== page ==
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In our last lesson, we looked at how the Old Testament shows God to be a healing God. What might we conclude from this Old Testament study?
First, sickness is not the usual work of God. Isaiah 28:21 tells us, "For the Lord will rise up as at Mount Perazim, He will be angry as in the Valley of Gibeon-- that He may do His work, His awesome work, and bring to pass His act, His unusual act." Normally a person can expect God to heal. It takes special prophetic revelation for the contrary to happen -- where all too often, the contrary has been taught to explain why healings do not take place. In point of fact, healing power was not lost to the Church because God is withdrawing it. Rather it is lost through disobedience to His laws and holiness.
Second, we conclude that those who fear His name will have healing. Malachi 4:2 tells us, "But unto you that fear my name shall the Sun of righteousness arise with healing in His wings; and ye shall go forth, and grow up as calves of the stall." I had a believer friend who was a framer in Co Fermanagh, Ireland. He read this promise when he was in the hospital with tuberculosis (TB). He felt a prophetic anointing on these words, so he signed himself out of hospital. Two days later, on the back of a horse on his own farm, the disease left him, and it has never come back in the last thirty years!
Third, we conclude that God demonstrates His will to heal by healing which comes through His prophetic words, not merely through their prayer. Proverbs 4:22, "For they are life unto those that find them, and health to all their flesh."
The New Testament Shows Christ As A Healer
As I studied healing in the life of Jesus, I came to an amazing realization: Jesus did not pray for the sick, He healed them through His word!
The Gospels reveal God's will is "healing in Christ" in the New Testament. In this context, I discovered that Christ, the living Word, perfectly reveals God's will. If it were not God's will to heal all, why do we read that Christ went throughout Israel healing all? Matthew 4:23-24 says, "And Jesus went about all Galilee, teaching in their synagogues, and preaching the gospel of the kingdom, and healing all manner of sickness and all manner of disease among the people. And His fame went throughout all Syria: and they brought unto Him all sick people that were taken with divers diseases and torments, and those which were possessed with devils, and those which were lunatic, and those that had the palsy; and He healed them."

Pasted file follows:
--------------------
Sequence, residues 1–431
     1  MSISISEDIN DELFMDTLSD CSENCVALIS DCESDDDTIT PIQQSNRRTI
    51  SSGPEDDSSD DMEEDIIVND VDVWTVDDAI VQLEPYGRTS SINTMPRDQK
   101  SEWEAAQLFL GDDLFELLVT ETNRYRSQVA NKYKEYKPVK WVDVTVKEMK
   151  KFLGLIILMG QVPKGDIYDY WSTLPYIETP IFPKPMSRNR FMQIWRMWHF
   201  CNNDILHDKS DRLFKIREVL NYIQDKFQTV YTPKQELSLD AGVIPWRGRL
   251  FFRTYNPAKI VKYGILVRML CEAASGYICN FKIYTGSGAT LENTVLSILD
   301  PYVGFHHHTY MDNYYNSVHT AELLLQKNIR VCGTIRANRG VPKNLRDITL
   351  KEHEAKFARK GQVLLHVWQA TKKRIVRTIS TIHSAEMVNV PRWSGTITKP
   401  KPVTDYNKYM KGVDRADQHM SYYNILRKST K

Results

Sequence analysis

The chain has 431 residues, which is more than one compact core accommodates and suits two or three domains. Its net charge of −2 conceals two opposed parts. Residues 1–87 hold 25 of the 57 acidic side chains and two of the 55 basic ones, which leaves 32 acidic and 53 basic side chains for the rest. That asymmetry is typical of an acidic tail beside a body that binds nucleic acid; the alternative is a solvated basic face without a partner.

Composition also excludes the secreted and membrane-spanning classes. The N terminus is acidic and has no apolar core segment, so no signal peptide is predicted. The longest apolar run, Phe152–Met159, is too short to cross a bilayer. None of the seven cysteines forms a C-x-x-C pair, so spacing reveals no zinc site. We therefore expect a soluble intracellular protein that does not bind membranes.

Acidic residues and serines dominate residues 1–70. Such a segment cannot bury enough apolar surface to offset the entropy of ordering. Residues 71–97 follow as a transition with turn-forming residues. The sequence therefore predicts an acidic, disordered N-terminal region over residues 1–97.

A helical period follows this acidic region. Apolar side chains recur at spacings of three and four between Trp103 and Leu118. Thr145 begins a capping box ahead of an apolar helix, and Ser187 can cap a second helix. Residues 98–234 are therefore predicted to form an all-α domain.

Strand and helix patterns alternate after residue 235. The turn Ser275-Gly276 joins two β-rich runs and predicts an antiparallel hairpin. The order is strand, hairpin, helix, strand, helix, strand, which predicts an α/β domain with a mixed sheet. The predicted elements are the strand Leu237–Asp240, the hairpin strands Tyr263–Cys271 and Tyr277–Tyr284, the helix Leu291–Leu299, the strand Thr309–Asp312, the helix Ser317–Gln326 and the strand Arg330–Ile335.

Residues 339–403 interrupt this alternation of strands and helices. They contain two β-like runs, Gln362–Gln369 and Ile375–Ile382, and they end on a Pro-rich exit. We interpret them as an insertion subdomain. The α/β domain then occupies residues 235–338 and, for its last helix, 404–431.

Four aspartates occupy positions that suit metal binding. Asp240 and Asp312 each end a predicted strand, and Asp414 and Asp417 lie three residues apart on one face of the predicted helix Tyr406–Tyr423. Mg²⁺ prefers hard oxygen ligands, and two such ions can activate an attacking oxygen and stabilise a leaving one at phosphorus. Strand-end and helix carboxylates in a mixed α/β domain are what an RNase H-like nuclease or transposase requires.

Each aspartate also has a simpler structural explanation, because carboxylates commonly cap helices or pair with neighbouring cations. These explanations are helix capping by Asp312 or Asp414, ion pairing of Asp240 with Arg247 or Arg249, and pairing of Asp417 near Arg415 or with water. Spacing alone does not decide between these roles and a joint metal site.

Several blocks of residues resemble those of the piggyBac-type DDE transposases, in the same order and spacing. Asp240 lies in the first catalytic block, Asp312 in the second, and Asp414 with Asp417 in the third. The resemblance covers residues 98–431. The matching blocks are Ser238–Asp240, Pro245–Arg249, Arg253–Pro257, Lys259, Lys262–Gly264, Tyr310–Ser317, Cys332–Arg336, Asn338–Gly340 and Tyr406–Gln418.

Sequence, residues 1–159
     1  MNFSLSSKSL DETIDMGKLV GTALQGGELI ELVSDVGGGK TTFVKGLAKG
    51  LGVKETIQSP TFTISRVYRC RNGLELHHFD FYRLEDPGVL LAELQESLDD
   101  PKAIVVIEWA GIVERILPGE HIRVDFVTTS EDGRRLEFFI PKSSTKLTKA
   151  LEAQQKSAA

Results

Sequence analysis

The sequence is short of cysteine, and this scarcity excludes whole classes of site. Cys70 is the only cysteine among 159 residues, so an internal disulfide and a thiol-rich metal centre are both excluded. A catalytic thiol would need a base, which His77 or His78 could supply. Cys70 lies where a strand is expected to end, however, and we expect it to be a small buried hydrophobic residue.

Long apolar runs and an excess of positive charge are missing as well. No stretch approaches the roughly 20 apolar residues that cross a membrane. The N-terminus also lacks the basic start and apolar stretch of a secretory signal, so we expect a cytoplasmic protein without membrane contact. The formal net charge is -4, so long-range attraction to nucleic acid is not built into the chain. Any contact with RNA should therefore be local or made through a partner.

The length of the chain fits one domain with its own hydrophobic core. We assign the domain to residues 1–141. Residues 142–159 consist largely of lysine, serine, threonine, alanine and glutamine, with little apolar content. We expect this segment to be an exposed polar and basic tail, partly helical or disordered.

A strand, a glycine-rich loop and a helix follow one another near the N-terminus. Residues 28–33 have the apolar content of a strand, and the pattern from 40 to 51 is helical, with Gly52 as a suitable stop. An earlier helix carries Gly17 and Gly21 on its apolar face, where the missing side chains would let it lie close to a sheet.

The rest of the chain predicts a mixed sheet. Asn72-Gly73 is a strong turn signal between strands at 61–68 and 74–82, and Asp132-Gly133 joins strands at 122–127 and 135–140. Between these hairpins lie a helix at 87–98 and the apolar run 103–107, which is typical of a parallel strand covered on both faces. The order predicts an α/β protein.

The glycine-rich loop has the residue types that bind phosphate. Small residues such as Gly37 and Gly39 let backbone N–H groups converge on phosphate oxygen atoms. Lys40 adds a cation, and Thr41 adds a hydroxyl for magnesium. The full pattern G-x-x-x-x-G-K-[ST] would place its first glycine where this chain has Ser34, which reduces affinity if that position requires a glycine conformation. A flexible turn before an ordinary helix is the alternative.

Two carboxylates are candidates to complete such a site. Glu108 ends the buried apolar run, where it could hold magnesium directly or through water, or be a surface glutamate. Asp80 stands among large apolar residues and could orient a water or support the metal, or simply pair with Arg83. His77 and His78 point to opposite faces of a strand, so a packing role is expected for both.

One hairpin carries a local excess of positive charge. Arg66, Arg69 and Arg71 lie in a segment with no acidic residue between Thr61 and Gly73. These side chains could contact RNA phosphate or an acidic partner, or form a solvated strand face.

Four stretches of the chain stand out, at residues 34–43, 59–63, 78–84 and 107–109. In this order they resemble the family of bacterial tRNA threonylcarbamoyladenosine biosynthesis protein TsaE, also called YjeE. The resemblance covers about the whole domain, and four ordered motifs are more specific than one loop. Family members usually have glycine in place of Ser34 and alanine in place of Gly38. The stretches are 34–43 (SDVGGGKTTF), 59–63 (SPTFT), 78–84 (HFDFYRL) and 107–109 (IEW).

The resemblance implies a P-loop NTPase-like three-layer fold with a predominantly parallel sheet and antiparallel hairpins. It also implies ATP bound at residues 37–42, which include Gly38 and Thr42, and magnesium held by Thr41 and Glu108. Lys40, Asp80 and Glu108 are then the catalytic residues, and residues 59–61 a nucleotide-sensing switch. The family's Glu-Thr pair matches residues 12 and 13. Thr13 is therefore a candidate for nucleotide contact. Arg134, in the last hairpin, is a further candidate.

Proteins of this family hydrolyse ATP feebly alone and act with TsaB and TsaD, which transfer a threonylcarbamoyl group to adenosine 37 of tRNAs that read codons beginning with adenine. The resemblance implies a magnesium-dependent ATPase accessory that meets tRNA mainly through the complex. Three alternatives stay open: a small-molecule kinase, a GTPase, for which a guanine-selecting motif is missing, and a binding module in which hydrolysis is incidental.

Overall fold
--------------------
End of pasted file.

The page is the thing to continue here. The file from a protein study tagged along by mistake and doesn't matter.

Christ linked His work with the Old Testament revelation of God as the Healer. Matthew 8:16-17 says, "When the even was come, they brought unto Him many that were possessed with devils: and He cast out the spirits with His word, and healed all that were sick. That it might be fulfilled which was spoken by Esaias the prophet, saying, 'Himself took our infirmities, and bare our sicknesses.'" The New Testament verse quotes Isaiah 53:4, which says, "Surely He hath borne our griefs, and carried our sorrows: yet we did esteem Him stricken, smitten of God, and afflicted." We see this same theme repeated in 1 Peter 2:24, "Who His own self bare our sins in His own body on the tree, that we, being dead to sins, should live unto righteousness: by whose stripes ye were healed."
A woman came into one of our meetings in Northern Ireland. She walked out of the hall, before I had finished teaching. "Why are you leaving?" I called out. "I have just realized," she replied, "that if He carried my sickness as well as my sins on the Cross, then I do not have to carry them as well. I immediately found that my legs were healed and now I am able to walk without pain ..." (That is one way to avoid long sermons and appeals for offerings!)
In fact, reading the New Testament again, found there are more references to Christ healing the sick, than His forgiving sinners. This brings a tremendous challenge to a Church which limits itself to "preaching the Gospel" including only deliverance from sin! "He Himself" implies that healing the sick is more demanding of faith in that it provides visible proof of forgiveness. We see this demonstrated in Matthew 9:5-8, "For whether is easier, to say, 'Thy sins be forgiven thee'; or to say, 'Arise, and walk?' But that ye may know that the Son of man hath power on earth to forgive sins, (then saith He to the sick of the palsy), arise, take up thy bed, and go unto thine house. And he arose, and departed to his house. But when the multitudes saw it, they marveled, and glorified God, which had given such power unto men."
Christ never avoided the challenge to demonstrate this power. Should we avoid this challenge today? Is God just interested in saving souls from Hell and not rescuing bodies from sickness? Is there anything too hard for Him? Are there limits to what He can do through His followers today?
Christ revealed God's will by healing all classes of disease. Let's look at a few examples from the book of Matthew:
Matt. 9:35 And Jesus went about all the cities and villages, teaching in their synagogues, and preaching the gospel of the kingdom, and healing every sickness and every disease among the people.
Matt. 12:15 But when Jesus knew it, He withdrew Himself from thence: and great multitudes followed Him, and He healed them all;
Matt. 14:35 And when the men of that place had knowledge of Him, they sent out into all that country round about, and brought unto Him all that were diseased;